Increasingly I believe it's time to open the carbs to see if any debris can be spotted.

    Thank you.

    Allan
     
  10. Bill Blue

    Bill Blue Platinum Level Sponsor

    Allan, as a SWAG, you have set the carbs to lean and compensated by opening the throttles. Try richening each carb a 1/4 turn, see what happens. If I'm right, the idle speed will increase. If it does, lower the speed with the throttle plate adjustment and see how it runs.

    As for the funky starter action, I think Nick is correct about the timing being too fast.

    Bill
     
  11. SIVAllan

    SIVAllan Donation Time

    Bill,

    I did the 1/4 turn, that seemed to help some.

    Now the idle continues to speed up, slow down, over and over, but the range on the vacuum gauge is better, no quite so low as before, and also a little higher going to the border line of the 'idle zone' on the Smiths gauge.

    I can loosen and turn the distributor, not hard to do anymore :) . The 45D does not have the vernier as on the 25D.

    So you and Nick are saying to turn it counter clockwise a little bit ?
     
  12. Bill Blue

    Bill Blue Platinum Level Sponsor

    Allan, the surging you describe is typical of a lean condition. Give them another 1/4 turn.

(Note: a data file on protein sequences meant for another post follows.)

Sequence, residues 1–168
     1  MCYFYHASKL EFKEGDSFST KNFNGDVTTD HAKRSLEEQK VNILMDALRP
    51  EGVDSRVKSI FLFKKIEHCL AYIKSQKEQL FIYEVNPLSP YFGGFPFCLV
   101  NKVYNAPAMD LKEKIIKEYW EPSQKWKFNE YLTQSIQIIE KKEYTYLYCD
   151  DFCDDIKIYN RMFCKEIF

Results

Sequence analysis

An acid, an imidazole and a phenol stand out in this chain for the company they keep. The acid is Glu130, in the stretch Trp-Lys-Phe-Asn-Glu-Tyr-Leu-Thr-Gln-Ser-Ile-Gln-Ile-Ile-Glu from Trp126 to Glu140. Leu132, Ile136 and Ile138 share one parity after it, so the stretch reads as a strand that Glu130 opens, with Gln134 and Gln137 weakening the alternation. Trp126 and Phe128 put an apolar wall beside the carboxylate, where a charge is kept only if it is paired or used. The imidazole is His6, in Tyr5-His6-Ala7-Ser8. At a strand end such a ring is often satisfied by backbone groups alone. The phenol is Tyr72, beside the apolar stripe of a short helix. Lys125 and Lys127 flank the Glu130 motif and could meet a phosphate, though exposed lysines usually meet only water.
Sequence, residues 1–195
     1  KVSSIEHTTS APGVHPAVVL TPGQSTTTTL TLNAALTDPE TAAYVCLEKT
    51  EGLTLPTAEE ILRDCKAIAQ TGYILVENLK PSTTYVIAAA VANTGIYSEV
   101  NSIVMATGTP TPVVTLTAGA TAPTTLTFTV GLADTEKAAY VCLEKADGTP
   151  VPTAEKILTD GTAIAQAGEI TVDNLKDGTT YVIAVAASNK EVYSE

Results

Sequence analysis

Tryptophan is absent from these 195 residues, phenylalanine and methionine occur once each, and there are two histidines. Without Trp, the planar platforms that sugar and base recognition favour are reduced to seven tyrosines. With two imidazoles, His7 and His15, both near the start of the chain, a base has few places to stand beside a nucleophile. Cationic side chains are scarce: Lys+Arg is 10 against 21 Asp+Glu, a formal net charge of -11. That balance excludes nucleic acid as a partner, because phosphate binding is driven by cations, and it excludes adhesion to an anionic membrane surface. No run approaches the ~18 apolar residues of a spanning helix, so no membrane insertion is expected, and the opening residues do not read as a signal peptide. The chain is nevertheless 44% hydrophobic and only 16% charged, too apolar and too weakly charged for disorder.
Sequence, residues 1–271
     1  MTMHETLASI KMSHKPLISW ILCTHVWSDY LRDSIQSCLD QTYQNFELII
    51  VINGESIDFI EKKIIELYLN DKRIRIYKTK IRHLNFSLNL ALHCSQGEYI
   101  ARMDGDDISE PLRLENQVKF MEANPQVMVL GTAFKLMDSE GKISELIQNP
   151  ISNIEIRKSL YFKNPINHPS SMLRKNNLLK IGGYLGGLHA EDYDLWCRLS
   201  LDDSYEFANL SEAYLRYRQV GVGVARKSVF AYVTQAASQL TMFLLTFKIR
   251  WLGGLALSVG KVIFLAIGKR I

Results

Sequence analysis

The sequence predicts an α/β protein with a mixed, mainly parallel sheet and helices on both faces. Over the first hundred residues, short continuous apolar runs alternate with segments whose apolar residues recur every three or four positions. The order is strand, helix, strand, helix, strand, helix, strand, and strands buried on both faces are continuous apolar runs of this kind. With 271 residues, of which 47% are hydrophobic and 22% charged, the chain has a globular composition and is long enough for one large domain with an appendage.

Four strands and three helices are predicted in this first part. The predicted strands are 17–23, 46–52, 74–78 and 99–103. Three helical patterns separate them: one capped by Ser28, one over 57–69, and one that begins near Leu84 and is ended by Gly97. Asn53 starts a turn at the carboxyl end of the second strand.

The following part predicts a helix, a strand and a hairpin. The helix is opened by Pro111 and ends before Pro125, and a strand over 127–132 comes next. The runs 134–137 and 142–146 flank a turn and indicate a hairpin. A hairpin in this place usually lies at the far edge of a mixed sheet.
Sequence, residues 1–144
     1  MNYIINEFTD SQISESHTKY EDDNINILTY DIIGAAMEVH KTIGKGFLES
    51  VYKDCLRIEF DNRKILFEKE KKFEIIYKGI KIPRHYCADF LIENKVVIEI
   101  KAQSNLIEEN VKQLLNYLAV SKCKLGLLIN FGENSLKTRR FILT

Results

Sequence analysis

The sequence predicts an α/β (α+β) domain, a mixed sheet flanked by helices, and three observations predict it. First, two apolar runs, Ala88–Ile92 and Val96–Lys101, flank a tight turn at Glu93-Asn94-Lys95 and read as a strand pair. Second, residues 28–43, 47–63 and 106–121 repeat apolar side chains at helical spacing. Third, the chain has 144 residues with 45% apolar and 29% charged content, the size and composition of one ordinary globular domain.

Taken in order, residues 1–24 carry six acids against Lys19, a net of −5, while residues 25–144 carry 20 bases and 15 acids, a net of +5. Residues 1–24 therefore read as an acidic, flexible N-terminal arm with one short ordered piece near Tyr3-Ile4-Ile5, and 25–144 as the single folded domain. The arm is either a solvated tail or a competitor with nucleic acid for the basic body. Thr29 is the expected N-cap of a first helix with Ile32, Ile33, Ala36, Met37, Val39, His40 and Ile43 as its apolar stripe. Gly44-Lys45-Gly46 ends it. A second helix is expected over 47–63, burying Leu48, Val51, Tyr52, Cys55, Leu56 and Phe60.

As to the direction of dizzy movement, I don't know the specifics of the Alpine dizzy. Just move it in the direction the rotor moves. That will retard the spark.

    Bill
     
  13. SIVAllan

    SIVAllan Donation Time

    Bill, thanks,

    I gave them another 1/4 turn, which did not change things much, but retarding the distributor caused some change.

    After loosening the clamp, then goosing the distributor a bit, then another tiny bit, the engine started better, and once started, surged much less.

    Now it idles in the gauge's "idle" zone, surging some but staying in the color zone for "idle."

    It idles very fast, so I'd think to back off on the idle control screws, 1/4 turn at a time...?

    Thanks!

    Allan
     
  14. Bill Blue

    Bill Blue Platinum Level Sponsor

    Yeah, that should work. Just don't make any radical changes and do the same to each one. Have you put the timing light on it? May trying pulling the vacuum line to the dizzy while its running, see what happens. Keep the line plugged, though. Where are you getting the vacuum for the dizzy?

    Bill
     
  15. SIVAllan

    SIVAllan Donation Time

    Ok, I can put a timing light on it but have a little confusion on this :) .

    Is the goal to remain within the static timing range (6 -- 10 degrees BTDC) ??

    The distributor vacuum line runs to the first carb. It's a thick, sturdy replacement line that should be Ok. The factory line broke.

    Thanks!

    Allan
     
  16. Bill Blue

    Bill Blue Platinum Level Sponsor

    More or less.